Mike Cushing / Digital Strategy / June 9th, 2015

Build Digital Products on Solid Ground, Not Borrowed Land

Live-video sharing app Meerkat garnered a ton of attention when it launched at SXSW earlier this year, riding high on buzz from attendees and tech journalists as the next big app. Unfortunately, Meerkat launched with a congenital flaw, one that has claimed the life of many an up-and-coming digital product: it built its burrow on borrowed land.

Meerkat is entirely dependent on Twitter for growth, engagement and connection. Users need a Twitter account to sign in, and all in-app engagement – likes, commenting, etc. – are done through Twitter. Like any new app, Meerkat was faced with the challenge of driving adoption, and leveraging social logins can drastically improve discoverability and ease user onboarding.

But Meerkat does not own Twitter, and therefore doesn’t own access to its own audience.

In short order, Twitter launched a competing service called Periscope and shut down Meerkat’s access to Twitter’s social graph – the means through which Meerkat allowed users to connect to their Twitter followers and discover new content.

The effect was pretty immediate. Meerkat may not be dead, but it’s certainly been knocked back.

Screen Shot 2015-06-05 at 11.03.52 AM

Meerkat may or may not be a superior live-streaming app to Periscope, but now it doesn’t matter. When you build a house on someone else’s land, you play by their rules. And, as Meerkat quickly discovered, those rules are subject to change at a moment’s notice.

If technology or software is your only competitive advantage, relying on someone else’s network is doubly dangerous. Bringing a great idea to market quickly isn’t always enough. You need to think through the impact of your product to gauge where competition will arise. Twitter, for instance, thrives on real-time interactions and personal storytelling – Meerkat set upon its path and should have seen that challenges were on the horizon.

Kiss Your Roadmap Goodbye

cliff sign

We know that digital product development can be a dicey proposition, but the best products have a long-term roadmap for success. It helps set business strategy, prioritize features, identify growth milestones and more. Once you tie your product strategy to someone else’s platform, your own roadmap becomes much more challenging.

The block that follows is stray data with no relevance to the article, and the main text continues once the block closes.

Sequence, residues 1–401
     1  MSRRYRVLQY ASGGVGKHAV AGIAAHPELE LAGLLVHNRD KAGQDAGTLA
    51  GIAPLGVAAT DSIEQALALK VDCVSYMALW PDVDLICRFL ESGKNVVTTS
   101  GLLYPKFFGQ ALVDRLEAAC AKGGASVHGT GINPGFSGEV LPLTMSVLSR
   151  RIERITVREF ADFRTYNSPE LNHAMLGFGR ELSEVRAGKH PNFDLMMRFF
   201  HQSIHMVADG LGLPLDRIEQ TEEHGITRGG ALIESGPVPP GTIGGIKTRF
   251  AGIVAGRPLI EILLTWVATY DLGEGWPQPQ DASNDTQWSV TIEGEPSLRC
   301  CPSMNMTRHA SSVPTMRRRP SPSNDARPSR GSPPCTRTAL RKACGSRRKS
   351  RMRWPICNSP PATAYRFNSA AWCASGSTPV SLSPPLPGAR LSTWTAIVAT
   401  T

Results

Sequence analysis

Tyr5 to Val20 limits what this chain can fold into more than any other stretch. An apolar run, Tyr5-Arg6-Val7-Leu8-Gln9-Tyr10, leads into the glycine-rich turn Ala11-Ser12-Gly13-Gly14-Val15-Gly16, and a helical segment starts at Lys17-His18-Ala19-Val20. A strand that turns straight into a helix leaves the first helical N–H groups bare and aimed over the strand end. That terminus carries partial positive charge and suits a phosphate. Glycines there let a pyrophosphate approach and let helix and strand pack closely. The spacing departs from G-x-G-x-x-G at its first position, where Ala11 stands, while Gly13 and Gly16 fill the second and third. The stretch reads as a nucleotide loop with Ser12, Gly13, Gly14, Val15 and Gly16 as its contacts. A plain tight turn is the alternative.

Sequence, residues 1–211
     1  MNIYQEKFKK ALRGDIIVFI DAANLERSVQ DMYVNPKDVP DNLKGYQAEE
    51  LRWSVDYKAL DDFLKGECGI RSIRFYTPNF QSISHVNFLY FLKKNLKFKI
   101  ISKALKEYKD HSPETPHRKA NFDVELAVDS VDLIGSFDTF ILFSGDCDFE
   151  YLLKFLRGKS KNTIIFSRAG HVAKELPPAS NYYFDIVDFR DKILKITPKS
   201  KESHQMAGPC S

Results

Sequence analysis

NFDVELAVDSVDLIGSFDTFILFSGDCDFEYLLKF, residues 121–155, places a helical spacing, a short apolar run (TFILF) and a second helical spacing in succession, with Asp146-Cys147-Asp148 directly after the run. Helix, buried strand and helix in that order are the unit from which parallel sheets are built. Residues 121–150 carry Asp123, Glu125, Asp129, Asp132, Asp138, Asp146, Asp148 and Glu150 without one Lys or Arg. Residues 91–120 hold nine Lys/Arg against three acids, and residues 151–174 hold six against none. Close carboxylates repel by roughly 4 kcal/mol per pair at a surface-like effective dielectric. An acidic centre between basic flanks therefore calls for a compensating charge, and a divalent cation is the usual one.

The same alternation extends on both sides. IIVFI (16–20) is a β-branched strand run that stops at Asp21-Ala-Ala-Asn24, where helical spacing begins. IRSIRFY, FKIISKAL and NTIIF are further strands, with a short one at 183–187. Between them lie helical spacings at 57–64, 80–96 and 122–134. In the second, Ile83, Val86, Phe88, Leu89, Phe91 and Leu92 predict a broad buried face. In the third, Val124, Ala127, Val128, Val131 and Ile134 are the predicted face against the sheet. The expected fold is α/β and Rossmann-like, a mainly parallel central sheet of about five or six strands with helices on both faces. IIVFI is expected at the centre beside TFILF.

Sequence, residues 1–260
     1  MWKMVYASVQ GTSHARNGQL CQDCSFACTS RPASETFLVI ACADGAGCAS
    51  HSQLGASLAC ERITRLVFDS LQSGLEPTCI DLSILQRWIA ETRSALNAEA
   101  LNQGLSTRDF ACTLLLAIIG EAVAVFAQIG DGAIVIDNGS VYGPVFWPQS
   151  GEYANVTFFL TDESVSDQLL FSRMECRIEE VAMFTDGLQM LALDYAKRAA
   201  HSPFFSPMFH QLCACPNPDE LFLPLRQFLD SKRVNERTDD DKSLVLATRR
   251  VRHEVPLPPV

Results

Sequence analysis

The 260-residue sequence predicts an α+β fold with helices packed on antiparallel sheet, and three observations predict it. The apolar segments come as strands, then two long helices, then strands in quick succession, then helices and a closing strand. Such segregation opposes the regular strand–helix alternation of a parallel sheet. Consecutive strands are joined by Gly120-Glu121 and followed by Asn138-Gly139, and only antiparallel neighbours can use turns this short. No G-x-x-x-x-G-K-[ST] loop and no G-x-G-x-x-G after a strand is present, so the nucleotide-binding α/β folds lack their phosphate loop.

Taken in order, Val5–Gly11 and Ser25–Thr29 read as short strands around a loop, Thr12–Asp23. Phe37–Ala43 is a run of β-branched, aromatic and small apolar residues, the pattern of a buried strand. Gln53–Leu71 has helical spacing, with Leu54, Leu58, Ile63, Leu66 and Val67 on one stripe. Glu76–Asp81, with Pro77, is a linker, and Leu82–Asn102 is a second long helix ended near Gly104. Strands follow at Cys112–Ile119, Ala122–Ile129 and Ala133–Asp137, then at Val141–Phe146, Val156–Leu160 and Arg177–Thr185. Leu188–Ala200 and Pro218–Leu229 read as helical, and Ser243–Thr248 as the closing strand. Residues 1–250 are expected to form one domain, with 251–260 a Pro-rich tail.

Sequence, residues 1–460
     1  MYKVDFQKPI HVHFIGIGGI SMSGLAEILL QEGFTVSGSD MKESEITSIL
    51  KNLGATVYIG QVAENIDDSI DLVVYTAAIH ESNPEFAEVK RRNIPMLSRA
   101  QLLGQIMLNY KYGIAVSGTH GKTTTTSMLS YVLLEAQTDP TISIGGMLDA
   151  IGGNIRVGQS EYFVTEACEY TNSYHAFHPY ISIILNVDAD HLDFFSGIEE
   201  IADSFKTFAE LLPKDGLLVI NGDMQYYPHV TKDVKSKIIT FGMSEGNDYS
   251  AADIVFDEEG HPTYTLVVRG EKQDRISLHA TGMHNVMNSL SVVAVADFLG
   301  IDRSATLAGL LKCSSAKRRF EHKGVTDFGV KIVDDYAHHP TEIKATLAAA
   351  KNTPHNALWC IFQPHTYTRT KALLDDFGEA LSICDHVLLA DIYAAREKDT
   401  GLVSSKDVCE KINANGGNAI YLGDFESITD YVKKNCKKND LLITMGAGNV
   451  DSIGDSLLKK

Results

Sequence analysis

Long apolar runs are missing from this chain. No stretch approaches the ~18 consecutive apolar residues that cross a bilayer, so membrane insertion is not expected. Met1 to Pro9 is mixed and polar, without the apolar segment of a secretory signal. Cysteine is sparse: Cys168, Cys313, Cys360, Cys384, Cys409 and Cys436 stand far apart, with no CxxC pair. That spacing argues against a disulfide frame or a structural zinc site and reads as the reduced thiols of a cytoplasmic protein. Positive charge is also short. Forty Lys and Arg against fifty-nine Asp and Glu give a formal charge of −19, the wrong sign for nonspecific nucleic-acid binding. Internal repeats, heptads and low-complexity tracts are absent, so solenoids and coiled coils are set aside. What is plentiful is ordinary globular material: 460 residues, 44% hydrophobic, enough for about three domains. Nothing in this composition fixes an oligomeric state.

Tying product features to another platform can be incredibly valuable, but it can make it more difficult for your product to stand on its own merits. You have to gauge if adding users quickly is worth the risk of possibly being pushed out of the marketplace by the network or technology you’re leveraging.

Platforms like Facebook and Twitter have their own roadmaps which have absolutely no room for your strategic plans. They may not prioritize the same things you do (e.g., Facebook’s horrible mobile development track record), or they may just decide to add your product’s core function as a new feature on its own platform.

If you want to own your users, own the platform. If you want to be indispensable, don’t be expendable.

Rethinking Social Platforms

Meerkat’s rise and fall highlight a persistent danger of networks like Google, Facebook and Twitter. After years of content sharing and many millions of dollars, companies still walk a razor’s edge by relying on these channels. Companies know they have to distribute content on these channels to reach an audience, but too often companies use social networks as their primary content channel, or even build their entire business around them.

Ultimately, your audience is their business. If Facebook or Twitter decide to take those audiences away, there’s not much you’re going to be able to do about it.

Image credit: PatchworksRobot
Image credit: PatchworksRobot

There are many opportunities to fill in the gaps in Twitter and Facebook’s service offerings: for a while, Zynga capitalized by growing social gaming through Facebook. For years, search marketers have made a living providing content for Google, and Google has continually pulled the rug out from under our feet over the years with (not provided) and scraping content for its Knowledge Graph.

At the end of the day, big social networks own more than the platform – they own the audience. If your core users must access your service through Twitter or Facebook, they’re not your user. In fact, you’re likely just further contributing to the network’s base of engaged users.

Engaging users through social is a necessity, but relying on those networks for interaction is folly. If you don’t control access to your users, it may just be a matter of time before your platform of choice decides it can deliver your service better than you.

Users, Users, Users

Ultimately, digital product success can be measured in one statistic: users. Users drive feature iteration. Users provide monetization. Users attract acquisition. Leveraging someone else’s platform can help you gain users quickly and cheaply, but that success can be fleeting. If you don’t own the platform, your users are tourists, not residents.